Our Reporter, Abuja
The clouds in the art community in Nigeria and indeed across the globe were darkened Sunday with news of the shocking passing of the famous director of Half of a Yellow Sun, Biyi Bandele at age 54.
The writer’s death was announced in a statement signed by his daughter Temi Bandele.
The statement reads, “I am heartbroken to share the sudden and unexpected death on Sunday 7th of August in Lagos of my father Biyi Bandele.
“Biyi was a prodigiously talented writer and film-maker, as well as a loyal friend and beloved father. He was a storyteller to his bones, with an unblinking perspective, singular voice and wisdom which spoke boldly through all of his art, in poetry, novels, plays and on screen. He told stories which made a profound impact and inspired many all over the world. His legacy will live on through his work.
“He was taken from us much too soon. He had already said so much so beautifully and had so much more to say.
“We ask everyone to please respect the privacy of his family and friends as we grieve his loss.”
Biyi Bandele was famed for his movie adaptation of Chimamanda Adichie’s classic novel Half of a Yellow Sun.
He was also known for his work in “Fifty”, MTV drama series, “Shuga” season three and more recently, the first Netflix Nigerian Original series, Blood Sisters.
Following the passing of the prodigiously talented writer and storyteller, many who knew him have expressed shock at his sudden passing as they celebrate him in death.
While expressing shock at Bandele’s death, poet, Uzor Maxim Uzoatu wrote: “The sudden passing away at 54 of novelist, playwright & filmmaker Biyi Bandele must rank as the most shocking news of all. I remember the long discussions we used to have in Adewale Maja-Pearce’s Surulere, Lagos home, and the tears well up in me. It was in London, England when I came to take a BBC short story prize that you told me you liked my unassuming ways unlike some Nigerian writers who put “Writer” on their complimentary cards! “Boy Biyi!” as I called you, “The Man Who Came From The Back Of Beyond…” My tears…”
Simbo Olorunfemi in a tribute left on the deceased Facebook page wrote: “In spite of his obviously busy schedule and prodigious talent, that he had the grace and heart to share another side of his life here was something of note. Initially, he was quite light on the platform, but sometime back, he started to share with us photographs specifically focused on life on Lagos Island. I had the guess that he was either making a statement with these or going somewhere with it. I did say that a few times. But he just kept us guessing, uploading more and more tellingly beautiful images of street-life, market-life and ‘ordinary life’ in their daily engagements…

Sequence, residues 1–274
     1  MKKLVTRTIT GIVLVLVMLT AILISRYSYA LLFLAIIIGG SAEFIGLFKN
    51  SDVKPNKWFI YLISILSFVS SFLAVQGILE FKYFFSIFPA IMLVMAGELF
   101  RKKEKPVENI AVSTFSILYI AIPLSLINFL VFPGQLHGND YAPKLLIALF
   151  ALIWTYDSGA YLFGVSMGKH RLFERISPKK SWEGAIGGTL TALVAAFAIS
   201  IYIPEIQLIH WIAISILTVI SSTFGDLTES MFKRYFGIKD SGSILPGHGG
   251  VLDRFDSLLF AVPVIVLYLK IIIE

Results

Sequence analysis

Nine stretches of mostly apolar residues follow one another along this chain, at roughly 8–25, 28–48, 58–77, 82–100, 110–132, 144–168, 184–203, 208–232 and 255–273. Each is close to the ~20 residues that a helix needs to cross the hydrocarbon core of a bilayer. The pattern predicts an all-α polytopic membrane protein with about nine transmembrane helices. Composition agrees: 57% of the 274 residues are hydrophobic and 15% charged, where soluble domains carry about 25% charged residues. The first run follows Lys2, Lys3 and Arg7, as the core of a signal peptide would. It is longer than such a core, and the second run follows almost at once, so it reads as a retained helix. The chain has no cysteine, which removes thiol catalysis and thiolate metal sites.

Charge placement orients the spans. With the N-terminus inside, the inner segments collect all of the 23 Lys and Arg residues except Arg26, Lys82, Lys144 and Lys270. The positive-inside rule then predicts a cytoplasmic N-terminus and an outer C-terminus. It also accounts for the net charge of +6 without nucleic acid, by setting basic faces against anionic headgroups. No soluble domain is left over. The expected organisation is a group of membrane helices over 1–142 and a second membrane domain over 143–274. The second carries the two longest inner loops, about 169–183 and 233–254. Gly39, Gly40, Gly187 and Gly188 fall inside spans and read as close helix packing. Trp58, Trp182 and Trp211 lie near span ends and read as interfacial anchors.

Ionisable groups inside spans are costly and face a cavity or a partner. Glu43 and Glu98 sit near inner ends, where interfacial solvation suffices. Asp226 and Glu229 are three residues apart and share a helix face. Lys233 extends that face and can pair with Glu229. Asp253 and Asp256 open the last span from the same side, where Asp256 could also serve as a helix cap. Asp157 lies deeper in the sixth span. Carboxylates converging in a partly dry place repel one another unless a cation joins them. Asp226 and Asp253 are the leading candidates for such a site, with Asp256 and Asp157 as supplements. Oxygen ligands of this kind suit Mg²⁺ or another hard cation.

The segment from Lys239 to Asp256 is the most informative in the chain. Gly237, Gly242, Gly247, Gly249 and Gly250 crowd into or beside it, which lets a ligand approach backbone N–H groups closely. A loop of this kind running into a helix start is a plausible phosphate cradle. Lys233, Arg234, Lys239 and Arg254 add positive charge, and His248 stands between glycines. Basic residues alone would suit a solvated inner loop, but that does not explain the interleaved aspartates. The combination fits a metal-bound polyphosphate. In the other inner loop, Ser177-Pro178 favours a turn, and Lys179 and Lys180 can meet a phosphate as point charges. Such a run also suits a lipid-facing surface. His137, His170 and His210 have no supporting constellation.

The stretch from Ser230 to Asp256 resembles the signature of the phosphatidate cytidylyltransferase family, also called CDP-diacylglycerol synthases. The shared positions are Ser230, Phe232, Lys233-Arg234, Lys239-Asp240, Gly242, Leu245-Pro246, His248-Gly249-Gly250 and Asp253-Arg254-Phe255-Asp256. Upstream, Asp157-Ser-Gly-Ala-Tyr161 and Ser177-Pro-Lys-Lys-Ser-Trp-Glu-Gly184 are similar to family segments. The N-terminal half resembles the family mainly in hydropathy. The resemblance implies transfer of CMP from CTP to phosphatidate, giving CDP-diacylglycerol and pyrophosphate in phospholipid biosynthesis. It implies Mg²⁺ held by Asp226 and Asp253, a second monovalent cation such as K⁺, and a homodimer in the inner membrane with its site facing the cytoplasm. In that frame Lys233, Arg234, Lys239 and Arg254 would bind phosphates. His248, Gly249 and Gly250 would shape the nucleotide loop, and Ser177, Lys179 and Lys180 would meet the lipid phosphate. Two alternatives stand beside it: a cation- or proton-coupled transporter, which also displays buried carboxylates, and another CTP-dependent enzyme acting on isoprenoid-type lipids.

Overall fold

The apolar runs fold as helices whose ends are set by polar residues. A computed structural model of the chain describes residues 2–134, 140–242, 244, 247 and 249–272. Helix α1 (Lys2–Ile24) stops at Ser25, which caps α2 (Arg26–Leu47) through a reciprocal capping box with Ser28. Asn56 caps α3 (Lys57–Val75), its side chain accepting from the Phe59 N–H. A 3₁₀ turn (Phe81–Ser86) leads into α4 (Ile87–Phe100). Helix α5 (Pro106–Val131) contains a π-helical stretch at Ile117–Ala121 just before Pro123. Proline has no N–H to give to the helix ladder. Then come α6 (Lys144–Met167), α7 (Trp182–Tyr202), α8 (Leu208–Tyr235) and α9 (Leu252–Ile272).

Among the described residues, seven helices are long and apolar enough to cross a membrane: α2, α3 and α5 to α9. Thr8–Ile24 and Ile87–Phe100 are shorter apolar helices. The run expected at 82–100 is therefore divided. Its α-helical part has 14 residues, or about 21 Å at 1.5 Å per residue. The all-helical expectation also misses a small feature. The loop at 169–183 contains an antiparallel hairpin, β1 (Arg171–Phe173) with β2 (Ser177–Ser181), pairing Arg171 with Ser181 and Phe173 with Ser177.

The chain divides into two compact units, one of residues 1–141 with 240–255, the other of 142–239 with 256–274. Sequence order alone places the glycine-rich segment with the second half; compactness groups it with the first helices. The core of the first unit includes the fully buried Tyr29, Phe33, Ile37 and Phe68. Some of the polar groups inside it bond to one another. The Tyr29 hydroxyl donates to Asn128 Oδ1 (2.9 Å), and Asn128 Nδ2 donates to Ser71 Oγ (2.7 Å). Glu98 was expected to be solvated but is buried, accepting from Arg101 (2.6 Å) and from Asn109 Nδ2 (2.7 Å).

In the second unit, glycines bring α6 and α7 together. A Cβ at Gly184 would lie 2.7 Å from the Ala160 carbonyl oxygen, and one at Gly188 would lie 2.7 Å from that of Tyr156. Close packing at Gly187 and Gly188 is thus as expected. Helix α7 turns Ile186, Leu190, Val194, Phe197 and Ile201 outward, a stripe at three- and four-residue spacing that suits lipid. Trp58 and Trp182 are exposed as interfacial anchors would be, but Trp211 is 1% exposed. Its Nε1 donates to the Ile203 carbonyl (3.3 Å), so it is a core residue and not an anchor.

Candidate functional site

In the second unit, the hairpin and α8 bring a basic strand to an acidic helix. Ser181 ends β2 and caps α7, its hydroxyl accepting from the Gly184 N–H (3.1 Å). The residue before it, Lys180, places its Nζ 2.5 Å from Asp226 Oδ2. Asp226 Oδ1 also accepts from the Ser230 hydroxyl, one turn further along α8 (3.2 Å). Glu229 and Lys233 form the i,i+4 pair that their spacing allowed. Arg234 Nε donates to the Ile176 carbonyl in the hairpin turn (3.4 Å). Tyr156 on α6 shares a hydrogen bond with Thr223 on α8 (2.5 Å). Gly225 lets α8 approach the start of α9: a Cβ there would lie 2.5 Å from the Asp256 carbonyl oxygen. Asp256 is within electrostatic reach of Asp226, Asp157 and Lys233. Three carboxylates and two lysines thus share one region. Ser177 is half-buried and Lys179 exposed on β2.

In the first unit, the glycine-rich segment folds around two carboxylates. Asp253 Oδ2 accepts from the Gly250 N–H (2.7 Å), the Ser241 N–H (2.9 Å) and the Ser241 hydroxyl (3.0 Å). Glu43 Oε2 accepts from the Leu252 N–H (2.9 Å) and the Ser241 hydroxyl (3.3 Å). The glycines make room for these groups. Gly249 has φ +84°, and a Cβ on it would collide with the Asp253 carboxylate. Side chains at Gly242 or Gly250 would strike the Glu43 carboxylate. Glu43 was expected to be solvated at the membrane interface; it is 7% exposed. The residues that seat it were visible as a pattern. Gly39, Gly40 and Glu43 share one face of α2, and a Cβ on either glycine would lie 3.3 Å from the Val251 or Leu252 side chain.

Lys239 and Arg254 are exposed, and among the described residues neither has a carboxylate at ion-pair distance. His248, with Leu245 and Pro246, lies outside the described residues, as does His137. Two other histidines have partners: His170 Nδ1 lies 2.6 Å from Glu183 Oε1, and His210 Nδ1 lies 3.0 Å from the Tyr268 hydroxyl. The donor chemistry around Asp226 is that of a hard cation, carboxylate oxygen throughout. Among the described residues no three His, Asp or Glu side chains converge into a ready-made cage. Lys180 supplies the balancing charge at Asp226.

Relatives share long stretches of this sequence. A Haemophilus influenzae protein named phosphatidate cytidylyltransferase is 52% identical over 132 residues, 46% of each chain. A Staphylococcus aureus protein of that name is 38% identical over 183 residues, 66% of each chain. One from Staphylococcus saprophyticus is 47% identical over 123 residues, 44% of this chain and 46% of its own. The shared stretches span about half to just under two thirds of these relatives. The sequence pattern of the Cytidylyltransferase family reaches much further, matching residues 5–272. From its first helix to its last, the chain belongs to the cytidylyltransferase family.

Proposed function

“Such is the finality that comes with death. On 28th July, in introducing the project, Ẹlẹ́ṣin Ọba, he had written, “Death is just the beginning.” He left it hanging, perhaps that might have been within the context of the play, as death was actually just the beginning of a lot there. However, I believe it aptly sums up the next phase of the life of this great man. I believe that death can only be the beginning of him getting to receive more accolades and due recognition for the work he has done.
“In the words of Tèmi, “He was taken from us much too soon. He had already said so much so beautifully, and had so much more to say.”
Olu Oguibe, wrote, “Go well, Biyi. We did go our separate ways, but I always loved you, my brother, my friend. Always.”
In his tribute, Nuong Faalong wrote: “Who invited Death? This clumsy bandit that shuffles amongst us surreptitiously , plucking our jewels recklessly.
“I have stayed awake wailing, imploring Elegua to crack open the roads to heaven for my friend journeys!!!
“Who invited Death?
“I have learned of the passing of my dear friend Biyi Bandele whose praise I sing so very often.
“Biyi was a master of art, talented to the hilt, he lived his art in varied forms : books, photography, film, love.
“He and I even have future film projects that we have been chatting about for years , his most recent film ‘Elesin Oba’ is an adaptation of Death and the King’s Horseman (the irony!) and is billed to play at both the Toronto film festival in September and on Nerflix later in the year.
“Biyi, This is a calamity! You leave us very confused.
“Return if you can but if you cannot, may your soul travel in splendour and peace. May heaven hold the doors open for you.
Jude Idada’s long tribute to the late writer read in part: “Through the welcoming light to that peaceful shore.
“Your watch has ended.
“Be proud of how you lived.
“Because you lived a life that truly mattered.
“For it was value adding and change enabling.
That is why you have left the world.
“A much better place than you met it.
We are thankful.
“And we are grateful.”
Popular columnist and veteran labour activist, Owei Lakemfa, in his tribute also expressed shock at Bandele’s passing in the following words: